When Avonlea was born alive, healthy and breathing on her own, we called her a miracle. There are certainly some aspects of her medical situations that were miraculous, but I think the bigger miracle is that so many pieces of the puzzle came together so perfectly… I moved to Charlotte from California in 2006. The egg involved in conceiving Avonlea had had an extra chromosome since I was in my own mother’s womb… if I had stayed in California, gotten married to someone there and gotten pregnant the same month, I might not have found a team of doctors willing to listen to MY wishes. I just happened to starting to going to The Bradford Clinic starting when I was 18 years old for annual exams because they took my insurance. They are located in Charlotte and I live in Rock Hill, so it would have made sense for us to find an OB practice closer to home by the time I got pregnant, but for some reason we didn’t. In 2009, I arbitrarily got thrown into photography and a successful business grew out of that. Not only did it connect me with an amazing group of female photographers in the area and with Cheyenne Schulz who documented our birth experience beautifully, I have the ability to document Avonlea’s life on a day-to-day basis.
I don’t think it’s a coincidence that so many moving parts just fell into place so perfectly… that we, of all parents, were given a baby with Trisomy 13… or that we of all Trisomy parents, were given a baby who has done so amazingly well!
So why did all the moving parents fall into place for our family? Why are other parents still fighting for same opportunities for their child?
Is it because the children who survive have cognitive delays? Is our societal fear of disability and mental retardation so great that we think that children who will grow up developmentally delayed don't deserve that life?
I’ve asked myself a lot of WHY's a lot over the last 3 years, and the only answer I can come up with is this:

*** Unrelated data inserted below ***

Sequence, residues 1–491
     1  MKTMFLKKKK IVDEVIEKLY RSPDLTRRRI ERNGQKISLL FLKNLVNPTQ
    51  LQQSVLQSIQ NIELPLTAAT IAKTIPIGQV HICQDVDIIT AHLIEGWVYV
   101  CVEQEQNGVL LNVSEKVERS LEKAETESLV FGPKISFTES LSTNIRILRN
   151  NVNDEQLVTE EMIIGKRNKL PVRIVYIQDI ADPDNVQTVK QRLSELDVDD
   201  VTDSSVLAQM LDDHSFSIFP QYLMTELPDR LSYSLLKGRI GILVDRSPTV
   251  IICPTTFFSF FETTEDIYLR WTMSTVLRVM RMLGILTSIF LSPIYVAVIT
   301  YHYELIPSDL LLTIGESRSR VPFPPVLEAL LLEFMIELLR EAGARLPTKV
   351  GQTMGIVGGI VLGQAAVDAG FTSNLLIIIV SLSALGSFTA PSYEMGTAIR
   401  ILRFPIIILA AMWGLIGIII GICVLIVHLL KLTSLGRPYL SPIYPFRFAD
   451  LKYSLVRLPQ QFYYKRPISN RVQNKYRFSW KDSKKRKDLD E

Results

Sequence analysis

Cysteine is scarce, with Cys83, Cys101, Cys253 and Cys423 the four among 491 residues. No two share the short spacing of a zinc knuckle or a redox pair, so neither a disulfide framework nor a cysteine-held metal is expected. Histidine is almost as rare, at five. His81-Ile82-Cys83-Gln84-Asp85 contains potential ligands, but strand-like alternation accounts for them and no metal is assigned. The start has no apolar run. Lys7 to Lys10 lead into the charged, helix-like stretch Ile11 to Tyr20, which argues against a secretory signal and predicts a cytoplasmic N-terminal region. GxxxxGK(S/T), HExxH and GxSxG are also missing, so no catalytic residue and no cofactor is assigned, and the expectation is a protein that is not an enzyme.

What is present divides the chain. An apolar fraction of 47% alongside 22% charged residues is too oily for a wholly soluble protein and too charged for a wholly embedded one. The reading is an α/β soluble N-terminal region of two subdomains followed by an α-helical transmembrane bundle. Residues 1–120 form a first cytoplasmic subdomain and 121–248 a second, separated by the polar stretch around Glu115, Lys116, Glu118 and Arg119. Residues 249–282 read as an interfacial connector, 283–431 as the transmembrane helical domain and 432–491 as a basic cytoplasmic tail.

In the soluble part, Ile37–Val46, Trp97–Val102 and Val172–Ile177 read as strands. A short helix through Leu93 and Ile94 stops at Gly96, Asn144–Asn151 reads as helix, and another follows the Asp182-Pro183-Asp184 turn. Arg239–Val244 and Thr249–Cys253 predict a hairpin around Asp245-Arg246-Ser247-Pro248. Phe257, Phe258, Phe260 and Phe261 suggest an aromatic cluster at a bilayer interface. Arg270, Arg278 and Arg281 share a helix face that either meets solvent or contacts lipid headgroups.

We are meant to do something. Something big. Something challenging. Something that will make a difference.
It's time for us to turn the notifications back on... to plug back into our community... to brace ourselves for the possible backlash... and to use our gifts, talents and knowledge as a resource for the good of Trisomy children and their families.
Brian and I are excited to say today, on Trisomy 13 Awareness Day, that we are starting a non-profit project that we hope will be the tipping point for change in the way the world sees Trisomy 13. We’re not ready to reveal too many details yet, but the goal will be to educate the public about Trisomy 13, what the lives of Trisomy families are really like as opposed to what many doctors tell patients after a diagnosis, and the potential many of these children truly have when given treatment that a “normal” baby or child would be given without question.
Trisomy 13 is something you never really hear about until it’s happening to you. And I think it’s unfortunate that the first time I was ever told anything about it was during the most vulnerable, shock-ridden, grief-stricken moment of my life following the moment I was told my baby wasn’t going to live. The goal of this non-profit project will be to empower the future parents of future Trisomy babies with knowledge so that, when they are the ones in the exam room, hearing that their baby is “not normal,” they will already be educated to know that they don’t have to take one doctor’s recommendation lying down, so that they can fight for their child to be treated on a case-by-case basis rather than generalized into being written off because of one extra chromosome.
Again, I’d like to reiterate that there are certainly cases of Trisomy 13 where interventions are not the best course of action for the baby. I get that! But newer research is showing that interventions can give many of these families precious years with their children. And until we shatter the self-fulfilling prophecy of “incompatible with life.”
Follow this link to learn more about Trisomy 13 and 18 from Dr. Marty McCaffery: